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St. Louis Cardinals hit an efficiency grand slam

<p>The St. Louis Cardinals have worked to achieve a 30 percent recycling rate, a 20 percent reduction in overall energy use and 10 percent cut in water use.</p>

[Editor's note: The greening of sports is a topic we've covered extensively at GreenBiz, ranging from college sports departments and professional leagues to numerous iconic events, such as the Super Bowl and the Olympics. As we see below with the St. Louis Cardinals, these sporting organizations are reaching beyond reducing waste and energy use to seize new opportunities for reaping the finacial rewards sustainability can offer, such as producing their own renewable energy and exploring the use of biofuels.]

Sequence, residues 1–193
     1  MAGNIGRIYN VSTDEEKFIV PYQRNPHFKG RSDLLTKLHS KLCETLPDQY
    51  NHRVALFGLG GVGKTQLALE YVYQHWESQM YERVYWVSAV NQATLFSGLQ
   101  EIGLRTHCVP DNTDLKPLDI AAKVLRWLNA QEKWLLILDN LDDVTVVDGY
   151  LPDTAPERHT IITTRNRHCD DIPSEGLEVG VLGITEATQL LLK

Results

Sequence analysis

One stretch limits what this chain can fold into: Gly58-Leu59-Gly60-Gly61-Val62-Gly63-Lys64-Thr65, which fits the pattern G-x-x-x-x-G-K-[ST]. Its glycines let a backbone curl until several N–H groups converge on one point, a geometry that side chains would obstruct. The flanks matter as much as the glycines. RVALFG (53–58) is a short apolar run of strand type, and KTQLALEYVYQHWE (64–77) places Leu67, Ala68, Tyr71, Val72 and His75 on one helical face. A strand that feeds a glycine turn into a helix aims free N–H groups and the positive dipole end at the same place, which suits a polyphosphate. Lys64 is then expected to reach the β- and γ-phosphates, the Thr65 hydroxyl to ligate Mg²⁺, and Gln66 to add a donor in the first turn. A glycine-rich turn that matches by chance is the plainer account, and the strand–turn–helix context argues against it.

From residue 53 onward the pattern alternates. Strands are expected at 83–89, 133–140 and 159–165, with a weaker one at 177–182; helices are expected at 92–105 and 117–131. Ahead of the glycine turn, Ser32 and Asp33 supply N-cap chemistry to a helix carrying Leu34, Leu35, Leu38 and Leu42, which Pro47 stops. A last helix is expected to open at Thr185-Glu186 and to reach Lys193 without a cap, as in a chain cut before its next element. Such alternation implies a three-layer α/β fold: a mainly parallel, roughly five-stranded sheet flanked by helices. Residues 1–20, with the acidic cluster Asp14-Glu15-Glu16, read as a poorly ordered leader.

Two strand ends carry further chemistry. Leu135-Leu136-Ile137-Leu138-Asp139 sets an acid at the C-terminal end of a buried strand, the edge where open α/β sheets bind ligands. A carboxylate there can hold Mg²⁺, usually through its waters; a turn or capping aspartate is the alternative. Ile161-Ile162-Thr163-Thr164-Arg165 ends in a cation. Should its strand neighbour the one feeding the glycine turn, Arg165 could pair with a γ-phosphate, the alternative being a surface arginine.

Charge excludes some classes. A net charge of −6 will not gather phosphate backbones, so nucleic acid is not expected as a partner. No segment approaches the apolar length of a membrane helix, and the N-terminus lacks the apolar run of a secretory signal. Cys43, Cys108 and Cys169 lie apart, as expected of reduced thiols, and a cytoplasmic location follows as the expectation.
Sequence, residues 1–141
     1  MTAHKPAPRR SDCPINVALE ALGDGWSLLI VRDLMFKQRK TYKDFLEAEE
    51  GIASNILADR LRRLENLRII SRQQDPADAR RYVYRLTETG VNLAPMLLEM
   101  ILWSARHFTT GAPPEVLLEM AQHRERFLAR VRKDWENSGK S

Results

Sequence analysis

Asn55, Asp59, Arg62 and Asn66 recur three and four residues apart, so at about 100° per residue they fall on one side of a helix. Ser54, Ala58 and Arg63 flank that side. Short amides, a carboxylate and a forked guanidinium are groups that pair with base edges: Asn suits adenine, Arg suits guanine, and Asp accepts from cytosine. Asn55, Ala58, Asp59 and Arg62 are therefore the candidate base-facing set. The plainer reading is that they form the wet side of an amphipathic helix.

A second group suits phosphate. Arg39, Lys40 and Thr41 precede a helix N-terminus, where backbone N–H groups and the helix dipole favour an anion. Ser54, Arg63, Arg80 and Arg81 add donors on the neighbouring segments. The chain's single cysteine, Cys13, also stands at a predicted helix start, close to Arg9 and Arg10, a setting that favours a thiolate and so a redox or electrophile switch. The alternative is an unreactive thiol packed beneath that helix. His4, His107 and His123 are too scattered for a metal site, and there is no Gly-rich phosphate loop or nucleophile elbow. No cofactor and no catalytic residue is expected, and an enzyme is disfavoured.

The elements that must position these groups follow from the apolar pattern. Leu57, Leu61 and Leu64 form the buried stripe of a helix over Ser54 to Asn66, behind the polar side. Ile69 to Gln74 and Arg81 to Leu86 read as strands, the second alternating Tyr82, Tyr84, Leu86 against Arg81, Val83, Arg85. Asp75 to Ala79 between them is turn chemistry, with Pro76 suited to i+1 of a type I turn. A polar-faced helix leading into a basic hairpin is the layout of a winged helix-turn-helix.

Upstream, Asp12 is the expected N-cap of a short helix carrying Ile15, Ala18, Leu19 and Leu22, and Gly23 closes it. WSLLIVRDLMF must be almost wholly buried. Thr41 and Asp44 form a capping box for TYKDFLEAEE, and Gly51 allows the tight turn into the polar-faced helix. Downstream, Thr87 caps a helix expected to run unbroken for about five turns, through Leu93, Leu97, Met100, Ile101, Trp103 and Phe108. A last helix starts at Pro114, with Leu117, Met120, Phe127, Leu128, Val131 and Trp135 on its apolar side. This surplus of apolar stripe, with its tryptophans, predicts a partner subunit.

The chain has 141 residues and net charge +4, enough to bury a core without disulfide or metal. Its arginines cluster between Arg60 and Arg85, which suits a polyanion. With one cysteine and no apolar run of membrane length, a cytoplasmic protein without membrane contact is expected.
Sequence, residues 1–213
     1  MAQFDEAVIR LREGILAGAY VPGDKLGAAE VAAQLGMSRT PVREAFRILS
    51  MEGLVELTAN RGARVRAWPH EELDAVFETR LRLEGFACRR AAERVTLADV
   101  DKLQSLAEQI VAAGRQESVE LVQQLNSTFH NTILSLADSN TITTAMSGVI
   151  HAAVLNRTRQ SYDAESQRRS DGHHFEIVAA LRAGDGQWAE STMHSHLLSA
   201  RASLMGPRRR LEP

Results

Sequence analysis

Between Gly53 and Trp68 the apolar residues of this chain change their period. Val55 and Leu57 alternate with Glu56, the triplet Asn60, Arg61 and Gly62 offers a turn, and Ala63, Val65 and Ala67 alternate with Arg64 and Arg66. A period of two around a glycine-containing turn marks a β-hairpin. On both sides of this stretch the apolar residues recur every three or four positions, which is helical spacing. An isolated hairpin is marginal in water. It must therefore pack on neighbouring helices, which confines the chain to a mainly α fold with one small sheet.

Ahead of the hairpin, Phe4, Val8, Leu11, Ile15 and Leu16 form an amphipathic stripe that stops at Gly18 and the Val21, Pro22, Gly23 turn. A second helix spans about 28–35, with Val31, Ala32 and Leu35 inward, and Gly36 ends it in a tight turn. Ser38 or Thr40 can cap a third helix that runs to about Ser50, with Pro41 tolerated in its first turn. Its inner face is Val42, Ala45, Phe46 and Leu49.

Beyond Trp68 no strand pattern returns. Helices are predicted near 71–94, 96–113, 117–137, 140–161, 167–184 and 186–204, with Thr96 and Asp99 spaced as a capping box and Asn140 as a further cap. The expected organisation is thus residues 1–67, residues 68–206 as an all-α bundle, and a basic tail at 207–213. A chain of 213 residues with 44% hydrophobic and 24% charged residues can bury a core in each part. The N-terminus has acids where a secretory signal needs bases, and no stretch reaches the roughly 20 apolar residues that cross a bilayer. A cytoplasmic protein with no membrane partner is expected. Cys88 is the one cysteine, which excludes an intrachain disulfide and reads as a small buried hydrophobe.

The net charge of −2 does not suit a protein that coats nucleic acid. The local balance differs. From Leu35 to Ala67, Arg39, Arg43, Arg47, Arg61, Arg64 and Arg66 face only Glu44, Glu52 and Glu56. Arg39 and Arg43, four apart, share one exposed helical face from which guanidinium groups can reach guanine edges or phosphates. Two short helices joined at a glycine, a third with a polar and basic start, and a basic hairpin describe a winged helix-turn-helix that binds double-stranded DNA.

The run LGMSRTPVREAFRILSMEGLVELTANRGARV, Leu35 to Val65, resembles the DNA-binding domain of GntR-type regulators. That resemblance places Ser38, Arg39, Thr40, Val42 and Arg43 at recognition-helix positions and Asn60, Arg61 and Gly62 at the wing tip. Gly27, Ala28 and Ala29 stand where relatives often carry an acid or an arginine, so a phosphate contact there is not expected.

The 2011 World Champion St. Louis Cardinals are accustomed to winning. With a total of 11 World Series titles under their belt -- second only to the Yankees -- it's no surprise that they set the bar high for all aspects of their game, even off the field.

In fact, with the help of NRDC's Sports Greening Project, after several years of work on resource efficiency in the areas of energy, water and waste, this year the Cardinals are proud to announce huge savings across the board.

With a 30 percent recycling rate, 20 percent reduction in overall energy use (and base power demand) and 10 percent cut in water use across all operations, the Cardinals are putting up some impressive numbers -- and you might say they've earned a "Triple Crown" for efficiency and environmental stewardship amongst clubs in the Central division. Photo Credits: Microgrid Solar